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Fukushima-juku and Kisofukushima Station Area Highlights
Of all the Nakasendo routes connecting Edo (Tokyo) and Kyoto, the section through the steep Kiso Valley is called Kisoji. There are 11 post towns along this section, starting from the north: Nigigawa-juku, Narai-juku, Yabuhara-juku, Miyanokoshi-juku, Fukushima-juku, Uematsu-juku, Suhara-juku, Nojiri-juku, Mitsuruno-juku, Tsumago-juku, and Magome-juku. This article introduces Kiso Fukushima, focusing on Fukushima-juku, located at the mid-way point of Kisoji.
Fukushima-juku is at the halfway point between Edo and Kyoto on the Kisoji, and the Fukushima Sekisho barrier was built at the northern end. Nearby Ontake, a mountain of faith, was a major transportation hub during the Edo period (1603-1867).
The highlights of the area include the Fukushima Sekisho Museum, which is a reconstruction of Fukushima Sekisho, the Yamamura family's residence, which served as the Sekisho's barrier guard and Kiso's deputy, the Uenodanchi district, which preserves the appearance of a post town, Kozenji Temple, where Kiso Yoshinaka is buried, and sake breweries that have developed in tandem with the history of the post town.
Kiso Fukushima Station Sightseeing Highlights
Access from Nagoya to Fukushima-juku
By train, take the limited express Shinano (Wide View Shinano) from JR Nagoya Station and arrive at Kiso Fukushima Station in about 1 hour and 30 minutes without changing trains. From Kiso Fukushima Station, it is a 10-minute walk to Fukushima-juku.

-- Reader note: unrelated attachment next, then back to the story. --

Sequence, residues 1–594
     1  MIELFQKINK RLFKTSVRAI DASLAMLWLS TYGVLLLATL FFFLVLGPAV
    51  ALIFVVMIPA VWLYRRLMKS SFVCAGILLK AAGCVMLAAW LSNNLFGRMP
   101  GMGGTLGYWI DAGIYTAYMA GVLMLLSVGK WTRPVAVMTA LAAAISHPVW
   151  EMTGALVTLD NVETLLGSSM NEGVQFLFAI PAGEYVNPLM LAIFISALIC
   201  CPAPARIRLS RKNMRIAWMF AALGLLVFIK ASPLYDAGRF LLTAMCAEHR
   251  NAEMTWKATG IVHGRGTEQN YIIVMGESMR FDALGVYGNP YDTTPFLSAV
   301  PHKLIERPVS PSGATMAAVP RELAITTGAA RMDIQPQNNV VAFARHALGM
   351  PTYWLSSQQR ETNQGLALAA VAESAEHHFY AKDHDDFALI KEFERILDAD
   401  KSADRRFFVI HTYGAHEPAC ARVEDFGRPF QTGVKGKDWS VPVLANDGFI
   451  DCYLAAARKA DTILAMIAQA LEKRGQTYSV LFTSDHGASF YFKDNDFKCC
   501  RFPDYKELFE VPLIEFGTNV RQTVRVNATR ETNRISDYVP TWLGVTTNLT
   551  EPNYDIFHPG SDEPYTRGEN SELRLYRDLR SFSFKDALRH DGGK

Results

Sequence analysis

By car, get off at the Nakatsugawa IC from the Nagoya IC via the Komaki JCT (about 50 minutes), and drive for about an hour along Route 19, which used to be the old Nakasendo Highway.
Fukushima Sekisho and Yamamura Daikan
Traveling in Kiso with an interest in Japanese history, one is reminded everywhere of the presence of the Yamamura clan, the barrier guards of Fukushima Sekisho.
During the Edo period, the Yamamura clan practically ruled the Kiso region, including the 11 Kiso inns, for about 280 years, and by protecting the barrier and taking charge of the management of valuable timber, known as Kiso Goki, they gained enormous power. The family crest, the number one, written in a circle, indicated the highest authority in the region. The power of the Yamamura family at that time is present in the vast ruins of the Yamamura Daikan residence that remains today.
The Yamamura clan ruled Kiso and were featured as great rulers in Shimazaki Toson's famous novel Before Dawn, which is set in the 19th century. The local guide still calls him Yamamura-sama (Lord Yamamura) out of affection.
Let's tour Kiso Fukushima, which was ruled by Yamamura-sama.
Kiso Fukushima Sightseeing Highlights
Streets of Fukushimajuku
A 10-minute walk from Kiso Fukushima Station will take you to a district called Uenodan where you can still feel the atmosphere of an old inn town. Fukushima-juku was originally a large inn town, but most of the buildings were destroyed in a large fire in 1927, and this area is the only place where the old buildings remain.
Still, it is easy to imagine the townscape of those days from the latticework made of fine vertical planks and storehouses with walls of traditional Japanese shapes. There is also a facility called Matsuri Kaikan, which has exhibits on traditional events such as Kiso dances and festivals (free admission).
After passing through the streets of the upper section of the town, there is a slope, and on the way down, there is a kosatsuba (notice board). Kosatsuba was a place to hang wooden notices (kosatsu) with laws and ordinances written on them, they were placed in post towns where many people gathered. This kousatsuba is a reconstruction, said to be two-thirds the size of the original.